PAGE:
Intense wildfires in the Western U.S. have been exacerbated by ongoing dry and hot weather conditions that have ravaged productive land. In 2020, 10.3 million acres burned across the U.S., the most since 1960.
For Western producers left behind in a cloud of smoke and devastation, University of Idaho researchers have investigated the impact of smoke on dairy cattle. Scientists found that milk production in cows declined roughly 2.5 pounds per animal for every 100 micrograms per cubic meter rise in airborne smoke particles.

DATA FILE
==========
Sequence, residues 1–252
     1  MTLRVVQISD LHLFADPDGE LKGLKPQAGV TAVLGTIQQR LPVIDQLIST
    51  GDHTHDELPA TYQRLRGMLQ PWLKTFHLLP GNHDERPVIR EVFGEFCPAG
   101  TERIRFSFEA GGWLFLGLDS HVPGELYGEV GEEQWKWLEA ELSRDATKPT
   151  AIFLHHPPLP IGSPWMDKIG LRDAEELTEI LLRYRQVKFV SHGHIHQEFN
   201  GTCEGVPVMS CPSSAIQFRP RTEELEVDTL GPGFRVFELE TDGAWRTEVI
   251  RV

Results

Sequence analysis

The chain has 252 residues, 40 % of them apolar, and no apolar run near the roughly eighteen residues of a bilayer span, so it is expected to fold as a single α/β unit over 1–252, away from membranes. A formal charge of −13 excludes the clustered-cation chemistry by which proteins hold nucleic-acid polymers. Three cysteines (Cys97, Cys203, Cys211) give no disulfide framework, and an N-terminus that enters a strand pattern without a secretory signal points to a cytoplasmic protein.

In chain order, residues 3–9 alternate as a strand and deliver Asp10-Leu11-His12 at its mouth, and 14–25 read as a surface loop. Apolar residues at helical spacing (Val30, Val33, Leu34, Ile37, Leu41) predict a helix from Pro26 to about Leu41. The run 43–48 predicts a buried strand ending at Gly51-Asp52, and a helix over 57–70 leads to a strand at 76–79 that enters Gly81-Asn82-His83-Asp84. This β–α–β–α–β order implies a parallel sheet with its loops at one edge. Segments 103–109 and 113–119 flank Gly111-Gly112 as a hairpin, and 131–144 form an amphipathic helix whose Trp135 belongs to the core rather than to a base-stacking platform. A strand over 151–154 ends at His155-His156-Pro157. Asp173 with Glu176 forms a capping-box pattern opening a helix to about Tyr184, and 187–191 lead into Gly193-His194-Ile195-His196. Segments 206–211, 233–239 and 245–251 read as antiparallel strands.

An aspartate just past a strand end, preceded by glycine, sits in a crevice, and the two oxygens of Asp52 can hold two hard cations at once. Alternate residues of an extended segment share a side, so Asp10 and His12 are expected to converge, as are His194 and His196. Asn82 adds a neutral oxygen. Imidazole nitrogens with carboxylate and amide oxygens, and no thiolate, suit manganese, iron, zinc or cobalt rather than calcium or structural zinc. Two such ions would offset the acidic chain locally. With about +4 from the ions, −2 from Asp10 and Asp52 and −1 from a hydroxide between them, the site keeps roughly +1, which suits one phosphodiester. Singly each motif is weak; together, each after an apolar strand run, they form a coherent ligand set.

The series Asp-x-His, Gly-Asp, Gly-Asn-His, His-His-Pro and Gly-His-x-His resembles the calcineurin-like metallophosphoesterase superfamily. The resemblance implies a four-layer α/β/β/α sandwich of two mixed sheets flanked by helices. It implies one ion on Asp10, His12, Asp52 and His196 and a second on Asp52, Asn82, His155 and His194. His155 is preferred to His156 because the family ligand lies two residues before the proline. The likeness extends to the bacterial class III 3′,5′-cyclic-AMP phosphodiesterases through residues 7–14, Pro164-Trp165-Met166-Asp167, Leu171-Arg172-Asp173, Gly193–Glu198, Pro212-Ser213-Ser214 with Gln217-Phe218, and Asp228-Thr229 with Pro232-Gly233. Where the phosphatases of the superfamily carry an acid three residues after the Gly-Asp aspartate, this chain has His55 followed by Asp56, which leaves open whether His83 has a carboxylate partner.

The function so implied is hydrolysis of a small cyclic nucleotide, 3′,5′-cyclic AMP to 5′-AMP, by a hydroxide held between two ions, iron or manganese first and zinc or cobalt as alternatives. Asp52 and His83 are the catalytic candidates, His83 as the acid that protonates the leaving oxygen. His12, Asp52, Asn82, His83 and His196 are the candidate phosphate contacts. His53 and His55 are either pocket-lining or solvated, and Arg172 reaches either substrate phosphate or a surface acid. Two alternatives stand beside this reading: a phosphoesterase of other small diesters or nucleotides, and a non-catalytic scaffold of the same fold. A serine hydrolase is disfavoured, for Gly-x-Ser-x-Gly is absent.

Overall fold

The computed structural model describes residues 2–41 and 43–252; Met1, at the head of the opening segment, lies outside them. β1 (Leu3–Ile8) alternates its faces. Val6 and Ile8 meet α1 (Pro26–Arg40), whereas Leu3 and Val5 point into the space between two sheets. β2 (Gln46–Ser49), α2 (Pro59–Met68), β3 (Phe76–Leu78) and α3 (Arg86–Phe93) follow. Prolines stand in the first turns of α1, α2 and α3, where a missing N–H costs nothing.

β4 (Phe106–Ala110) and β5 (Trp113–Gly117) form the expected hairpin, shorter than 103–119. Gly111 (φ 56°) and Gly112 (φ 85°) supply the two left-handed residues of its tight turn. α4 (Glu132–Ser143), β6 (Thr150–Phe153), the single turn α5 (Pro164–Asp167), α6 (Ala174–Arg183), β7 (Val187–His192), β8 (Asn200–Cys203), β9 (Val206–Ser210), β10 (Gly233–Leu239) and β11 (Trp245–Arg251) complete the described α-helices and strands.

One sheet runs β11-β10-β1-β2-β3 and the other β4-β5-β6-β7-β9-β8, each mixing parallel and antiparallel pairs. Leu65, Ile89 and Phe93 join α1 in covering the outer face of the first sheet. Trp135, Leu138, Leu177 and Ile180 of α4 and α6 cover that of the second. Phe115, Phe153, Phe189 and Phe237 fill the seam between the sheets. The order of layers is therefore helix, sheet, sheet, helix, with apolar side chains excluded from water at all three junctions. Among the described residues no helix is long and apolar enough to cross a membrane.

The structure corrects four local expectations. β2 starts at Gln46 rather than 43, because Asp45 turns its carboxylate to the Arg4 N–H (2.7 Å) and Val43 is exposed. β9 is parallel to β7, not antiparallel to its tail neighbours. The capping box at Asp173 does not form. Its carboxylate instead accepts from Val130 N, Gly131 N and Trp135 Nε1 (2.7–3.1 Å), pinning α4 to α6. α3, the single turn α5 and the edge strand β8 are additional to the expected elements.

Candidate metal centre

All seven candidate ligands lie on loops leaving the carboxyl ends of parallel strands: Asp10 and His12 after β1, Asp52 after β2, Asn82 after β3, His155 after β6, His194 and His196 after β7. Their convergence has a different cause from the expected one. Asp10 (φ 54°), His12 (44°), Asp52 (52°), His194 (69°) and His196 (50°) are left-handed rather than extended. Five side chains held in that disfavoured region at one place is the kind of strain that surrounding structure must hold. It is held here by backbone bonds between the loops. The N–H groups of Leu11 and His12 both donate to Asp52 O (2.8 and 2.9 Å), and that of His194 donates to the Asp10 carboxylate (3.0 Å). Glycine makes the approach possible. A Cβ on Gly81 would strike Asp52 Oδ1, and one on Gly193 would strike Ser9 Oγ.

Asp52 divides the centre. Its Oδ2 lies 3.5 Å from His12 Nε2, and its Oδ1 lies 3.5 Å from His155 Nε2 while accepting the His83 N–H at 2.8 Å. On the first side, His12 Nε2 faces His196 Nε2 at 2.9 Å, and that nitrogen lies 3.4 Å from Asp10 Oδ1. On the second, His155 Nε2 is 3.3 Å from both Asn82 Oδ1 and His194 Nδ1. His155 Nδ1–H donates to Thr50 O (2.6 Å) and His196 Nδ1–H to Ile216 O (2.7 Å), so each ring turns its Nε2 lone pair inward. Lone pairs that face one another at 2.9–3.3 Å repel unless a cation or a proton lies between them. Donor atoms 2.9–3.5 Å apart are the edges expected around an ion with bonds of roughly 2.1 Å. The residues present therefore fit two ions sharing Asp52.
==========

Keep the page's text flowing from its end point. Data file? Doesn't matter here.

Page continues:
Researchers hypothesized that the decline comes from impaired udder development, cellular turnover, or disruption of endocrine or metabolism functions due to the smoke. Blood samples from impacted dairy cattle yielded higher carbon dioxide levels and calves born with fewer white blood cells.
Researchers suggested enclosed barns with air filters and limiting animal exertion on smokey days could reduce the impact on dairy herds.
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